Retail sales volumes have fallen to a rate “not seen since the depths of the pandemic”, according to industry data showing the third consecutive monthly decline as inflation eats away at household spending power.
The British Retail Consortium (BRC) said the value of total sales was 1% lower in June than a year ago.
That followed a 1.1% decline in May.
Like-for-like sales, which adjusts for changes in floor space, fell 1.3%.
However, the figures are not adjusted for inflation, which the BRC said was running at 3.1% among its members – the highest since 2008 as the cost of living crisis gathers pace.
The official consumer prices index measure of inflation facing consumers is at a 40-year high of 9.1% – led mostly by energy and fuel costs.
Separate data from Barclaycard on Tuesday showed consumer spending in June was 6.2% higher than a year earlier, pushed by a nearly 40% jump in spending on utilities.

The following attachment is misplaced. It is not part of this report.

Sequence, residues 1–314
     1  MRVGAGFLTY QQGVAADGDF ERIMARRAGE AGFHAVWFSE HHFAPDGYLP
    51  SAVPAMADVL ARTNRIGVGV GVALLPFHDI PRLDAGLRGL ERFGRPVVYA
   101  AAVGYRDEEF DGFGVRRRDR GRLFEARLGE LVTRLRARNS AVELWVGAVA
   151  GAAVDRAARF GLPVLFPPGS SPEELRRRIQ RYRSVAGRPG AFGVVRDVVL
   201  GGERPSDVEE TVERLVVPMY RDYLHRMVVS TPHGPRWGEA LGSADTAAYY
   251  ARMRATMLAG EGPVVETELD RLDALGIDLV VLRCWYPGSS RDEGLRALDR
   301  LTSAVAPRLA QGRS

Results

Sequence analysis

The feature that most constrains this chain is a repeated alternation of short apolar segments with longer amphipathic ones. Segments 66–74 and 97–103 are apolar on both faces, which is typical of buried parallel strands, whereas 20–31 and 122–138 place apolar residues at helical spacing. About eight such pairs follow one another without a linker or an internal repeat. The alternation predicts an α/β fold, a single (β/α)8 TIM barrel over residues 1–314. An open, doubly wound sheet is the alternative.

The BRC noted a temporary lift in grocery spending during the Queen’s platinum jubilee Bank Holiday and some business for fashion retailers as the weather warmed up.
But it also identified an increased trend of shoppers trading down to cheaper brands of food and other goods.
The body also pointed to a particular lack of demand for large purchases, such as household appliances and furniture.
BRC chief executive Helen Dickinson said: “Sales volumes are falling to a rate not seen since the depths of the pandemic, as inflation continues to bite and households cut back spending.”
She added: “Retailers are caught between significant rising costs in their supply chains and protecting their customers from price rises.
“The government needs to get creative and find ways to help relieve some of this cost pressure – the upcoming consultation on transitional relief is a golden opportunity to ensure that retailers aren’t overpaying on their business rates bills.
“Government action on transitional relief would make a meaningful difference to retailers’ costs and ease pressure on prices for customers.”